Salaries rise as skills shortage deepens

Published:  26 April, 2016

Salaries for small building firms are soaring as a result of the growing skills shortage, according to the Federation of Master Builders (FMB).

In the FMB's State of Trade Survey for Quarter 1 of 2016, more than half of the small construction firms questioned said they believe salaries will increase over the coming six months. Bricklayers are in particular demand, with 55% of respondents said they are already having difficulties in hiring the trade.

Bricklayers are reportedly commanding wages of £60,000 per year in London, and around £45,000 per year in the north of England.

Brian Berry, chief executive of the FMB, said: "It’s clear that the skills squeeze is starting to push up costs for construction SMEs. A whopping 55% of small building firms are currently reporting difficulties hiring bricklayers, which makes these tradespeople the most in-demand of all construction workers. This particular skills shortage is of course linked to the steady growth in private house building.”

With consistent growth being reported during the first three months of the year, and despite some evidence that the coming EU referendum is causing some uncertainty, more than two-thirds of firms expect their workloads to increase in the coming three months.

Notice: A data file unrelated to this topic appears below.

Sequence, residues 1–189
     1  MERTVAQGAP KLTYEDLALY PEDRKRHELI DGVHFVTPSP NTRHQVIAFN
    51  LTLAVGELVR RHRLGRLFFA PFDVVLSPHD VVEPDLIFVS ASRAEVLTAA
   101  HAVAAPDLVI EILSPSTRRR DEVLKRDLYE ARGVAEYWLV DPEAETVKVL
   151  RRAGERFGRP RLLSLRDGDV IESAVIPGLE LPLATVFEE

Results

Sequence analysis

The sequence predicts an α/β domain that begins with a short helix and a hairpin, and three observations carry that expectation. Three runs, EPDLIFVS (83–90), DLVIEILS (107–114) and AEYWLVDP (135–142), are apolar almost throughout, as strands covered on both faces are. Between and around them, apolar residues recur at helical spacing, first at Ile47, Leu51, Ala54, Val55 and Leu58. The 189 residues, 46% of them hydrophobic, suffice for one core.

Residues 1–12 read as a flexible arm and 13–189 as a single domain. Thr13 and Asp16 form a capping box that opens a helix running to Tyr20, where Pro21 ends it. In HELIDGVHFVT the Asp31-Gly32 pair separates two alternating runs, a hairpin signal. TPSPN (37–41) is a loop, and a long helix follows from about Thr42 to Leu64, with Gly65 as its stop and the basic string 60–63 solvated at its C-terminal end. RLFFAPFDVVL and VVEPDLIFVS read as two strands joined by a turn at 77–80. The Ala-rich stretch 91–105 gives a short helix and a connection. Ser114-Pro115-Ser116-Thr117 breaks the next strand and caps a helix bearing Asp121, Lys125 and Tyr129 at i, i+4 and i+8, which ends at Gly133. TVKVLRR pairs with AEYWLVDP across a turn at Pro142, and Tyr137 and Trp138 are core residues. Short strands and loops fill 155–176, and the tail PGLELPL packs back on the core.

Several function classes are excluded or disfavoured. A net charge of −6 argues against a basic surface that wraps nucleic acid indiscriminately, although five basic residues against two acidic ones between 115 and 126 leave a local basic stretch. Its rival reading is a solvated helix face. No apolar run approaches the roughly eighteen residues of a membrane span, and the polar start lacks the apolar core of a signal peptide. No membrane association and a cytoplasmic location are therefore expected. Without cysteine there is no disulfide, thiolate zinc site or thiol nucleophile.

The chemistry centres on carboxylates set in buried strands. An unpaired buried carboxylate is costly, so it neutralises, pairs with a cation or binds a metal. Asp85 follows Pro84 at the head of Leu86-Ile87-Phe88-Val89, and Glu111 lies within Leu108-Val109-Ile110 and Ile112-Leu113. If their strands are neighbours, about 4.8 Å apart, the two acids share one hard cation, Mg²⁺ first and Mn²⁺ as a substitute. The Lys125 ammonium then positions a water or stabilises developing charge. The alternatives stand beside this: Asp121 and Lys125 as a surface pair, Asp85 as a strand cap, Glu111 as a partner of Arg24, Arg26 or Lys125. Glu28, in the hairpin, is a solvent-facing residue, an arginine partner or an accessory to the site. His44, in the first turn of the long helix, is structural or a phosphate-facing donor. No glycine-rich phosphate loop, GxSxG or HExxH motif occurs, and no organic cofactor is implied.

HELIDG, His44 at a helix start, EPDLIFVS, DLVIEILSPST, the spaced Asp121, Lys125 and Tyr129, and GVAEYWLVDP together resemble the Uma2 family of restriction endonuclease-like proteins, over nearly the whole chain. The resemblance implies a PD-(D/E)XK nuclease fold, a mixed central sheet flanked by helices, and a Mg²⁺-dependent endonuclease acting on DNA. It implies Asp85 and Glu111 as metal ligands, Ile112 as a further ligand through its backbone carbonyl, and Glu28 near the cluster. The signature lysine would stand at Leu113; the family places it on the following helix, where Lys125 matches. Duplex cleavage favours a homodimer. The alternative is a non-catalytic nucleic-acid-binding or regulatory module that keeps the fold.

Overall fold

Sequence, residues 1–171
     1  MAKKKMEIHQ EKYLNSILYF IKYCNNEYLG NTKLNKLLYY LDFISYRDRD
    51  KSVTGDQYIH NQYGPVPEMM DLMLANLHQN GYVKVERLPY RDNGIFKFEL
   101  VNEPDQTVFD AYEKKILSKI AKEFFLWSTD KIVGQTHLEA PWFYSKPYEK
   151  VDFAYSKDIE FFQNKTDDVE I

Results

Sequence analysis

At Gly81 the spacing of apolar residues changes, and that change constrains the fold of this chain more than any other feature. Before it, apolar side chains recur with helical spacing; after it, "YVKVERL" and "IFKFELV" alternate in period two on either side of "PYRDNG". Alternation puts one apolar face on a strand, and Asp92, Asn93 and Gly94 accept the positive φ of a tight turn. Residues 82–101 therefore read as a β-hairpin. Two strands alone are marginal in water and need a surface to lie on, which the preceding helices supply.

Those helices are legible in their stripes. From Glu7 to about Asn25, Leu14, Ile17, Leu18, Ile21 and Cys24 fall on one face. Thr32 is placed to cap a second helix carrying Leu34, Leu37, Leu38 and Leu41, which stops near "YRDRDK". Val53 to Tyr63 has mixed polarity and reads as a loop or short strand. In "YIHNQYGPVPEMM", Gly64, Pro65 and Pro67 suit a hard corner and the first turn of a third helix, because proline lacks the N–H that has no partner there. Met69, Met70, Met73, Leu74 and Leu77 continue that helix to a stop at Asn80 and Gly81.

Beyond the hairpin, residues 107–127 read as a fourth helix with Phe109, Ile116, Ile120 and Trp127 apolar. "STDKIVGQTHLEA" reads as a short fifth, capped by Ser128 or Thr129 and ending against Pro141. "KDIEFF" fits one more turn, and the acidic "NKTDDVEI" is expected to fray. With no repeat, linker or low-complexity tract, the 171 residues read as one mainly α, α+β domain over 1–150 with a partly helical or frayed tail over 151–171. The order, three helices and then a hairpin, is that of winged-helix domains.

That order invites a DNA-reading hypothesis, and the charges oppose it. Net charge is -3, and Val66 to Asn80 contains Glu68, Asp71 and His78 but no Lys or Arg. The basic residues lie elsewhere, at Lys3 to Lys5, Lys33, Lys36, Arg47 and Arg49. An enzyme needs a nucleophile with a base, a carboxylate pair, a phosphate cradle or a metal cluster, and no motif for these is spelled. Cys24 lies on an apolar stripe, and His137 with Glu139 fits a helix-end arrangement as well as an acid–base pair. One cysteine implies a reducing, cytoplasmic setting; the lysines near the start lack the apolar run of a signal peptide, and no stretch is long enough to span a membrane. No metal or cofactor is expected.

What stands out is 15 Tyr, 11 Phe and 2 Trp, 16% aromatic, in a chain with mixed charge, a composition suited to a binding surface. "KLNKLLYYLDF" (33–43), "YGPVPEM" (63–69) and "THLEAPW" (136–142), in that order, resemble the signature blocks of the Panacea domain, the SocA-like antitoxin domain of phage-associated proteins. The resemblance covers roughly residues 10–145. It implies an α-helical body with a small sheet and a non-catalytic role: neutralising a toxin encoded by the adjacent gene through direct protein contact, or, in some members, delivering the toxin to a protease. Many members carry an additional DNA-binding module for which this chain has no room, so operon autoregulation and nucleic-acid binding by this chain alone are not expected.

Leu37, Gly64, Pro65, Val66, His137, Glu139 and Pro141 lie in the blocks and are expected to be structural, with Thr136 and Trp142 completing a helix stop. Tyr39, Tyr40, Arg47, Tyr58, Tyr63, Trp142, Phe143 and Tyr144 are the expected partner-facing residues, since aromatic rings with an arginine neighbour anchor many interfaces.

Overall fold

"These results are heartening but skills shortages, and the knock-on effect on wages and salaries, remains a major cause for concern," continued Mr Berry. "We need tens of thousands of new and returning construction workers to pick up the slack, or this growth among construction SMEs could so easily unravel. The government is hoping to address the skills shortages through the new Apprenticeship Levy, which is due to come into force in exactly one year.

"However, I have spoken to many small construction bosses who have major concerns about the impact that the new funding arrangements, which will come into effect alongside the levy, will have on their ability to hire an apprentice. The government must work closely with the construction industry to ensure its new system is as easy to use as possible, or else we could see apprenticeship training by small firms nose dive at exactly the wrong time.”

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